Currently, betaveros is doing a post-a-day thing until he leaves the country he’s living in right now. On the other hand, I’m going to try to do a post-a-day thing while I’m not in the US.

One thing I’ve noticed so far is that I tend to dismiss my life as relatively uninteresting, and thus have an apparent lack of stories to actually tell people when they are required. Instead, I’m going to try to document more of what I’m doing right now, as this will let me evaluate if it is just because I dismiss everything as uninteresting, or nothing interesting actually happens. Though considering both choices rely on my own perception, I guess it isn’t particularly useful.

Admittedly, this was pretty much a travel day, and considering the flight length, I’m pretty sure there isn’t much to talk about, other than my completely warped sleep schedule that has ironically placed me in the correct timezone at this point.


Upon arriving, the first comments I heard were “Oh look, it’s raining!”  Well then, great start to vacation isn’t it.

Also of note is, while en route to our first hotel (Yes, there will be multiple hotels with varying levels of internet), I noticed a bunch of people wearing suits walking around. As it turns out, even though I left on “Sunday morning”, after flying over the boundary between UTC+-12, we arrived at “Monday afternoon”.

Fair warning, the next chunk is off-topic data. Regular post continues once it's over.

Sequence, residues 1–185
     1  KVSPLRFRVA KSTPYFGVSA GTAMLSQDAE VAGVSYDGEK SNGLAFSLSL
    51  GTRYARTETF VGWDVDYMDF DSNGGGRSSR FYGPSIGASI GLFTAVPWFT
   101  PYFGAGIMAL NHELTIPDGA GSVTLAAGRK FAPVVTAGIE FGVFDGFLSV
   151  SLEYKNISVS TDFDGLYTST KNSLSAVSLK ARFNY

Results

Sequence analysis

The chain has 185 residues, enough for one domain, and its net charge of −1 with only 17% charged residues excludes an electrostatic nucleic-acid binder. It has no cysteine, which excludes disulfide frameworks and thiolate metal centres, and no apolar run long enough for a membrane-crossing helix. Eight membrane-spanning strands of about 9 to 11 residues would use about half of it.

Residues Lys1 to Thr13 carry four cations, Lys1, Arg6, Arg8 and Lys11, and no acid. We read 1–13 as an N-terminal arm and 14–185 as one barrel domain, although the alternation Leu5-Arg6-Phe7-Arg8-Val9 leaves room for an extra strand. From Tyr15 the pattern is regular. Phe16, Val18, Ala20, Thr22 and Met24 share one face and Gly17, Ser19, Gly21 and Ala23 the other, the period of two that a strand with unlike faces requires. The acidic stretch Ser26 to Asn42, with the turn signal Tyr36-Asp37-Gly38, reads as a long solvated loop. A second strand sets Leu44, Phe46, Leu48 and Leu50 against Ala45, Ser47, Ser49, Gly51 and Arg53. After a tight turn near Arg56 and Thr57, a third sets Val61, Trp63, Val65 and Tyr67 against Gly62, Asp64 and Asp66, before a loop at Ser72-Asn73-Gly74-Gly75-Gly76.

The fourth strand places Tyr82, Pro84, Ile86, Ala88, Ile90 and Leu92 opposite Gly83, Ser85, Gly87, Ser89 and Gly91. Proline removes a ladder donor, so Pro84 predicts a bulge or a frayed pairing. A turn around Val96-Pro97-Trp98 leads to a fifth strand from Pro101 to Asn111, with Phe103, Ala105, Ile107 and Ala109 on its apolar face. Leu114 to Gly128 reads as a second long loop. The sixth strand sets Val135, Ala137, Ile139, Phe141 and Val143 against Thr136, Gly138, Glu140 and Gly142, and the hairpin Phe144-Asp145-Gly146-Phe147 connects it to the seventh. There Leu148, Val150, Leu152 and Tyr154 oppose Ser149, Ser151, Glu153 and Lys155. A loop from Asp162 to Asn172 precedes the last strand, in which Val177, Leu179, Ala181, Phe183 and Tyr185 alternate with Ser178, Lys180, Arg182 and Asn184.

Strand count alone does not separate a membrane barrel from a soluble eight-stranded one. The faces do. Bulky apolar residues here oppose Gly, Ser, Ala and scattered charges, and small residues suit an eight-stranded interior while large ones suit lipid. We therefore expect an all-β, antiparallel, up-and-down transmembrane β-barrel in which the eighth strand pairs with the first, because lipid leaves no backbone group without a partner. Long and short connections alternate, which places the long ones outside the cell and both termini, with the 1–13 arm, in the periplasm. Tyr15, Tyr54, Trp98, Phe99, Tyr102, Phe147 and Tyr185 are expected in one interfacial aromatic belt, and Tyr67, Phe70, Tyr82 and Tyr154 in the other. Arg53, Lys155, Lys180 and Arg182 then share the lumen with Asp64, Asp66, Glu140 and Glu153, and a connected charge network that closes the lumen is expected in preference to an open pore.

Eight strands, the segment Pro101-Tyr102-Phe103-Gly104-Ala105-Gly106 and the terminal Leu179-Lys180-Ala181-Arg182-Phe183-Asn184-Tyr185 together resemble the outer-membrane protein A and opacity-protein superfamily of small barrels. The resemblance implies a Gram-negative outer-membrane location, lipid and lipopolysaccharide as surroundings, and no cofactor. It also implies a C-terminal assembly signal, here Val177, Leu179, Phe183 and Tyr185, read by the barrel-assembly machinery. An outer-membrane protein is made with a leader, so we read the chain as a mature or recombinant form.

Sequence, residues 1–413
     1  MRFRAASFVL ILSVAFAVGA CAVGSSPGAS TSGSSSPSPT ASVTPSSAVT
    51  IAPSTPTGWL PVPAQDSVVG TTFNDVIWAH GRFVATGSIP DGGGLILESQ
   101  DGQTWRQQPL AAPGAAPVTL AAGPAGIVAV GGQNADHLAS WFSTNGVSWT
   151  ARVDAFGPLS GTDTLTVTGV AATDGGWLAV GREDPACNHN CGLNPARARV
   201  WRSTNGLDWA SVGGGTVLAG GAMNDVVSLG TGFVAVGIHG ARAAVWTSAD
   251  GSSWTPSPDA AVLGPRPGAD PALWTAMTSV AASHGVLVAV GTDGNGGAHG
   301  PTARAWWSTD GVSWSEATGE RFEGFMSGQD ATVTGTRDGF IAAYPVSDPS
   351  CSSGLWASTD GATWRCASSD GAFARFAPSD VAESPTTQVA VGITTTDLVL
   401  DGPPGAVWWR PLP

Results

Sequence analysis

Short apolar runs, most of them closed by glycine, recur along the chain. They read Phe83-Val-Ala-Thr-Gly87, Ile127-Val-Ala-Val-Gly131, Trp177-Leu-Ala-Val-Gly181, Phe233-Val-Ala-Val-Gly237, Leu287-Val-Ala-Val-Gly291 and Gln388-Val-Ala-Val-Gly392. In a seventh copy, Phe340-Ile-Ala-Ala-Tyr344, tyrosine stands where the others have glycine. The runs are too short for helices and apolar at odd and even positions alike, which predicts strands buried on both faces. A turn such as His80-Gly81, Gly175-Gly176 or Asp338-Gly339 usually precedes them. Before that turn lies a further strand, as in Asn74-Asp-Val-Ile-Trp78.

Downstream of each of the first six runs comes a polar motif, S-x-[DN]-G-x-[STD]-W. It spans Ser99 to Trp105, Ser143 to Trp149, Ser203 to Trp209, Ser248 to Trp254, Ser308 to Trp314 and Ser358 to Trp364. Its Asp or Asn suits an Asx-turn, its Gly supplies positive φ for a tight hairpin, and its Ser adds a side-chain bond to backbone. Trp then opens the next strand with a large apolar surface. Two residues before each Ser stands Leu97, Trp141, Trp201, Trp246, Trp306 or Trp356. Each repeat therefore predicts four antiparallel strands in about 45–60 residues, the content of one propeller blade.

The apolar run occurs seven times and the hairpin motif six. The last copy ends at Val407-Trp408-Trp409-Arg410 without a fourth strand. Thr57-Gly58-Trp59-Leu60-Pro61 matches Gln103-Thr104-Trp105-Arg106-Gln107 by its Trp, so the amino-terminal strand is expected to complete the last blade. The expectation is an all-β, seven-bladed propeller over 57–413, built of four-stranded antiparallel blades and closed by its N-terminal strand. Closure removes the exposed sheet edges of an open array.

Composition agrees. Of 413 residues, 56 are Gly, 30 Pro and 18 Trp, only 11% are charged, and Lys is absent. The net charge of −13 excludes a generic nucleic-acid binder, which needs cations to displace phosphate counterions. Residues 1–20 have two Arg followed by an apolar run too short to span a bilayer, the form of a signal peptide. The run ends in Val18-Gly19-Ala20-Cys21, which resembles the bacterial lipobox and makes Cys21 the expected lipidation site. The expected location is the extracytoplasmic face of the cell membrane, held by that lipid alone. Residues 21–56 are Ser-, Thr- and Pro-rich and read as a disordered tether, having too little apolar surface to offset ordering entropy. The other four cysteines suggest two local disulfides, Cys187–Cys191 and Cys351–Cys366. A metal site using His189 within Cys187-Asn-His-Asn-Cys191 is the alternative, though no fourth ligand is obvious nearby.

Anyways, here’s a very gloomy looking picture of the city right now. I really hope I can get some sort of better resolution picture taker other than my phone right now, but I don’t care too much about it anyways.

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Also, I feel like this is going to become highly relevant:

Number of ramen shop visits: 1

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End of Act I

Attempt at revival!…

I dreaded the time graduation was approaching. You have to show up an hour ahead of time, with the large graduation gown which I almost tripped on a couple of times, before sitting in the sun for a few hours while messing around with the tassel that keeps on hitting your face. At least I didn’t have to wear a suit, which could only cause more discomfort.

Continue reading

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Colleges Part 2: Extracurriculars

This will (hopefully) be part of a series of posts ranting about the college admission process. Keep in mind that some of these criticisms are merely my opinions, and that I’m most likely being overly harsh. Also keep in mind that if people found a better method for the process, I’m sure there would have been quite a bit of discussion surrounding it.

(Side note: I might not talk about standardized testing, as betaveros covers it fairly well here.)

Most of the talk surrounding colleges before essays seems to be about these mysterious extracurriculars, even though they are only allegedly 50% of the college application process.

The actual definition of extracurricular itself is somewhat muddled. While the Common App and many applications for different schools separate activities (ex. swimming) and honors (ex. chess trophy), but others (at least those in my school) will tend to lump these two categories together into one. The app fails to note the fact that typically with honors comes quite a bit of preparation for these various awards. My honors section (with the exception of the National Merit Scholarship) was effectively listed a 2nd time on the activities section. With some colleges I applied to, an AMC score is even specifically asked for, thus appearing 3 times on my app. For the purposes of this discussion though, I’ll be talking about both of these sections defined by the Common App.